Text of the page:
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If you’re like us, you’ve probably got three or four cheap-ass AC voltage testers laying around your toolbox(es) waiting for the day you need to change a switch or install an outlet. But think about this for a sec: When you’re going to bet your ass (or hand, as the case may be) on a tool, do you want the $0.50 special or a brand you recognize?

Often this is no choice at all because we simply can’t afford the high-buck brand-name tool. But now you have no excuse: We found this Fluke tester at Amazon (and elsewhere) for just $23. Sure, that’s about $22.50 more than you paid for your crappy model, but consider that this one — if it’s anything like the other Fluke gear we own — will last forever, and probably actually work.

And that one-time $22.50 outlay seems even more sensible when you’re thinking “is that light off because there’s no voltage or because the tester’s broken?”

1AC-II VoltAlert [Fluke]
Via Amazon [What’s This?]


21 Responses to Fluke’s Non-Contact AC Voltage Tester

  1. David Bryan says:

    Don’t bet your ass, hand, head, life, health or safety on this one either.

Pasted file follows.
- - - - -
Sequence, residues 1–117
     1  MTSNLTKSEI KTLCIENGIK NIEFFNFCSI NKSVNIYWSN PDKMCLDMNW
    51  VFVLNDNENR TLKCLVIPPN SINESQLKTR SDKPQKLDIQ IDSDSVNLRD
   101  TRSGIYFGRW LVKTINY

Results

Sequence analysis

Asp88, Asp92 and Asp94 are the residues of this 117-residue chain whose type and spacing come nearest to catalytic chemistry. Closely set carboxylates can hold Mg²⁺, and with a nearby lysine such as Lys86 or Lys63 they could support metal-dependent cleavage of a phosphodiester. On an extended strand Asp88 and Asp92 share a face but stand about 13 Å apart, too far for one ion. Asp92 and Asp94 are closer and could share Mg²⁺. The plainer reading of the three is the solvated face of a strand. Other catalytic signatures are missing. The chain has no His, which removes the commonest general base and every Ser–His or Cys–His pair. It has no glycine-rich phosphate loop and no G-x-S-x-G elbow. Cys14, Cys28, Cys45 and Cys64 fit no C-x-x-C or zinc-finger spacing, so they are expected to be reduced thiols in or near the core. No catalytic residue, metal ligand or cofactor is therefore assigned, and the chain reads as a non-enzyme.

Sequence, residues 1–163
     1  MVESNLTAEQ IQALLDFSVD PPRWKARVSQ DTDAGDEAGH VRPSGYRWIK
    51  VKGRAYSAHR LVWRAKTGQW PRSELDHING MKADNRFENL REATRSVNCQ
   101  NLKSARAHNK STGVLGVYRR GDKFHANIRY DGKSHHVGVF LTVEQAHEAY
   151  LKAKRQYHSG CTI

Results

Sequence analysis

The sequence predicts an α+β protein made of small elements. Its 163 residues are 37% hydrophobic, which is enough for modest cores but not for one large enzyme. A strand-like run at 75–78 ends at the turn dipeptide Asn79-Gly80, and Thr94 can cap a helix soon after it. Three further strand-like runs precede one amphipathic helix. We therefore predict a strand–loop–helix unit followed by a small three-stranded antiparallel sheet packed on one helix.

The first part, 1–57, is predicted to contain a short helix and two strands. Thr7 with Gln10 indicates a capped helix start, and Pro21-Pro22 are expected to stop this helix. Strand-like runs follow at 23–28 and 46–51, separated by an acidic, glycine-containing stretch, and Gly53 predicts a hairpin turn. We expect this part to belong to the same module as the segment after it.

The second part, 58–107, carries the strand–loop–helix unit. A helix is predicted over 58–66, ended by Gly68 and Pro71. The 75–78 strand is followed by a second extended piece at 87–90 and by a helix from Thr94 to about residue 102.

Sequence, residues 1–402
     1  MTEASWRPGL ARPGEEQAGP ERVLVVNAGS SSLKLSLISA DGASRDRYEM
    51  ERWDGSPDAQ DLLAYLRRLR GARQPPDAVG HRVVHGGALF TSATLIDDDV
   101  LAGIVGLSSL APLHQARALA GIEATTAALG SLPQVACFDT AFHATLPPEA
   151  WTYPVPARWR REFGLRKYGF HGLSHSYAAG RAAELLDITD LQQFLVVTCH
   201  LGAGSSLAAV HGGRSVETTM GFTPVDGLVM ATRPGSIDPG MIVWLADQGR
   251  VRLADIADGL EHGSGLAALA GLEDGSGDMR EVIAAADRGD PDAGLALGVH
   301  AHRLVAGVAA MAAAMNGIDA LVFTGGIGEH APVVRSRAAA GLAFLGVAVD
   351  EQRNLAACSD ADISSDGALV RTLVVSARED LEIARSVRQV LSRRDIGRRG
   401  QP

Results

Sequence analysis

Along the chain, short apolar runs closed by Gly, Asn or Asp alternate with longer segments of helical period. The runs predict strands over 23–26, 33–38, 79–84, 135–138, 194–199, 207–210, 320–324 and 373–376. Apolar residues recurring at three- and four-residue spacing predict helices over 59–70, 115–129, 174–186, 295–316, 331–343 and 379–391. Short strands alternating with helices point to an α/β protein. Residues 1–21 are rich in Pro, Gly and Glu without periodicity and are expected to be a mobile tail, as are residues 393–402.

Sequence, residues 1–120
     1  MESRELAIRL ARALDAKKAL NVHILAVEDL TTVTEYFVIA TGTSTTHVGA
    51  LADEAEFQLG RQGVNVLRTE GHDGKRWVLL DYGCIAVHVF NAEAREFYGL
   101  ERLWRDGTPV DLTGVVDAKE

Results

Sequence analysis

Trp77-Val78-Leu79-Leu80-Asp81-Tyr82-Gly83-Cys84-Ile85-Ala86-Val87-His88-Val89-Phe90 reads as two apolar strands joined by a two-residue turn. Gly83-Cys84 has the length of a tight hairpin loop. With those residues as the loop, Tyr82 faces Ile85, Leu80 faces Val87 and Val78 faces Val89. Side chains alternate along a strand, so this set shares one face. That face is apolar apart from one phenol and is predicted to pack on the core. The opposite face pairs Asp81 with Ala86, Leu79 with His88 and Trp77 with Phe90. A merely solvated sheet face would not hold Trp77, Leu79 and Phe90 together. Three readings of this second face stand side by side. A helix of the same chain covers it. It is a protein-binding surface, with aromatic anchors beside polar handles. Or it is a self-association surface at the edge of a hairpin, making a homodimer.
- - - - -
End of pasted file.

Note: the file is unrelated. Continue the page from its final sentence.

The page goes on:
2. bemis says:

    You guys do know that you can rub the tester against your shirt to make it beep to see if it’s working, right? Or just put it against a known good power source?

    $22.50 isn’t much to spend, but at the same time buying 2 testers (even @ $22.50/ea) and using both as a check against the other is not exactly a problem either.

  3. Sam says:

    I used to carry 2 of these, a Fluke and a Greenlee. Why 2? The older Fluke only lights up; it doesn’t make any sound.

    There are situations where you can’t see the connection you’re testing (for example, if you have to go flip breakers to find which one controls a given outlet). The audio alert on the Greenlee is plenty loud to be heard a few rooms away if things are quiet. And in direct sunlight it can be difficult to see whether the bulb is lit.

    Alternately, there are times when either things are noisy (busy construction site), or when it’s important to be quiet (backstage in a theater). So a visual-only one has its place too.

    Of course, that’s why they developed these with switchable sound.